What is Gibraltar?
Gibraltar is a small British Dependent Territory, connected to southern Spain by a narrow strip of land, which has been regarded as important throughout history because of its crucial strategic position as one of the 'Pillars of Hercules' that stands at the Mediterranean's opening into the Atlantic.
Once a crucial military base, Gibraltar is today renowned as a centre for international shipping and offshore banking, and benefits from a healthy tourist industry both because of its uniqueness and because of its VAT-exempt status that enables shops to offer low prices on items like perfumery, spirits, jewellery and electrical goods. Gibraltar has more registered companies than inhabitants. Nonetheless, it is still the site of a major NATO base.
In recent years there has been a protracted struggle over the future sovereignty of the Rock, with successive Spanish governments demanding control and successive British governments rejecting these calls. The previous Labour Government attempted to broker a joint sovereignty deal, but this shows no sign of being accepted while Gibraltarian and British public opinion remains so strongly opposed.
Spain lost control of the Rock after it fell to an Anglo-Dutch force in 1704 during the War of the Spanish Succession, and the territory was subsequently populated by immigrants from Malta, Genoa, Portugal and elsewhere, before being officially ceded to Britain in 1713 under the Treaty of Utrecht.
After many years of gradual reform, 1964 saw control over the civil service and policy vested in a democratically-elected Government of Gibraltar, headed by a Chief Minister. Gibraltar's foreign policy, however, remains in the hands of the British Government.
The ever-present tensions with Spain began to reach boiling point in 1967 when Gibraltarians voted by 12,130 votes to 44 to retain the link with Britain rather than opt for Spanish sovereignty. Spanish dictator General Franco closed the Spain-Gibraltar land border altogether in 1969, and it remained shut until 1985.
Following several years of rule by the Gibraltar Socialist Labour Party and JJ Bossano, the 1996 election saw Peter Caruana's Gibraltar Social Democrats take power and retain it in 2000 and 2003 and again for a fourth term in 2007.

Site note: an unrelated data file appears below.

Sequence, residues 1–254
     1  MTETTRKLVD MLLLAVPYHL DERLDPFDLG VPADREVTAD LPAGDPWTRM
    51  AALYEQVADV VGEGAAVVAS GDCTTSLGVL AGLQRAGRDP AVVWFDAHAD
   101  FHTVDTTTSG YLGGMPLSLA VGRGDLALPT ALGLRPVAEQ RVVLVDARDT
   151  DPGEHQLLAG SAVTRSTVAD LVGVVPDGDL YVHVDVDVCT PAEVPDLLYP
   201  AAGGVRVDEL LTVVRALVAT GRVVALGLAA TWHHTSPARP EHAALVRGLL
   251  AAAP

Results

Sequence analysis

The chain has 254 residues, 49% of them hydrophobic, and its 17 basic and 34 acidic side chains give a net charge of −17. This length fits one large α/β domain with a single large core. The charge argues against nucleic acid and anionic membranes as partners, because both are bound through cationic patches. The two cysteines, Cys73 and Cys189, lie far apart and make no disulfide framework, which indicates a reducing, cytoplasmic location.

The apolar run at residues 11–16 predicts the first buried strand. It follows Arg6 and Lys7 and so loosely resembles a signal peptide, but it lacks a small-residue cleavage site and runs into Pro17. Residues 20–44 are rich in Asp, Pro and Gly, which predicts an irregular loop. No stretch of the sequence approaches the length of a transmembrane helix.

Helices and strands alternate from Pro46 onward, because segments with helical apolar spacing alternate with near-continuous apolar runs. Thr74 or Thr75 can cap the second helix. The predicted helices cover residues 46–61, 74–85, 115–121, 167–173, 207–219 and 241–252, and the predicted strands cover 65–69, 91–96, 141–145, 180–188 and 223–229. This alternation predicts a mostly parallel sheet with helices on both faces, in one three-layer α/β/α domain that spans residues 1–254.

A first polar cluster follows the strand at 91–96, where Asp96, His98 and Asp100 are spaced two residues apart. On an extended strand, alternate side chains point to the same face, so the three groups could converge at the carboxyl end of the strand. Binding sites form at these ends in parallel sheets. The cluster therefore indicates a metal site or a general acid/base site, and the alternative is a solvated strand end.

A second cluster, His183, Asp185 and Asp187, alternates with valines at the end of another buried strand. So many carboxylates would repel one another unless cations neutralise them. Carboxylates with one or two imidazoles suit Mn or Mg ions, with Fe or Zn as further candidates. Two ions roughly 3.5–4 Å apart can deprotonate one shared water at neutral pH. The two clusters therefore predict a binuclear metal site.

In April 2011, Fabian Picardo was elected leader of the Gibraltar Socialist Labour Party and in December of that year, Mr Picardo succeeded Peter Caruana as Chief Minister of Gibraltar.
Spain refuses to recognise the Government of Gibraltar, and the issue has led to a fractious relationship between Spain and the UK, as well as some day-to-day hardships for the people of Gibraltar, who the Spanish refer to as 'transients' on the grounds that the 'real' population was expelled in the 18th Century.
Madrid bans ferry and air travel to the Rock, rejects its courts, police and ID cards, and does not recognise Gibraltar's international dialling code - considerably hampering the Rock's emergence as a major centre for world telecoms. Road travel is frequently disrupted by searches at the border.
The people of Gibraltar have twice voted to remain a British dependency, in 1967 and 2002. Prior to the 2002 referendum, when a change of status was rejected by 99 per cent of the population, the British and Spanish governments had been considering arrangements for joint sovereignty.
Although the British Government did not acknowledge that the Gibraltarian referendum was legitimate and binding, it remains British policy that Gibraltar's status will not change without the consent of the people.
In 2003, after long negotiations and much wrangling, Gibraltar's representation in the European Parliament was agreed. From 2004, it was treated as part of the South West of England for European Parliament elections.
On 13 December 2007, the European Commission adopted the Regional Competitiveness and Employment Operational Programme for Gibraltar in the United Kingdom for the period 2007-2013.
Community funding through the European Regional Development Fund (ERDF) amounts to some 5.8 million euros, which represents approximately 1.1% of the total EU investment earmarked for the United Kingdom under the Cohesion Policy 2007-2013.
Figures relate to 2011
Total land area 6.5 sq km
Natural resources none
Head of State HM Queen Elizabeth II
Chief Minister Fabian Picardo MP
Legislature Parliament (no upper house)
Languages English and Spanish
Inflation rate 3.7% per annum
Minimum wage £5.40 per hour (£210.60 per week)
Registered employed 20,975
Registered unemployed 3.0%
Imports UK 60%; Spain 30%; Other EU 10%
Resident Companies 10%
Utilities Companies 20%
Personal Income Tax:
£0 - £4000 annual gross income 17%
£4001- £16,000 30%
Over £16,000 40%
No capital gains taxes
No tax on dividends
No inheritance tax/estate duty
No wealth, gif or capital taxes
Source: Gibraltar Chamber of Commerce - 2012
"The UK’s position on sovereignty is well known and has not changed. The UK will never enter into arrangements under which the people of Gibraltar would pass under the sovereignty of another state against their wishes. Furthermore, the UK will not enter into a process of sovereignty negotiations with which Gibraltar is not content."
Foreign Office Minister David Lidington – February 2012
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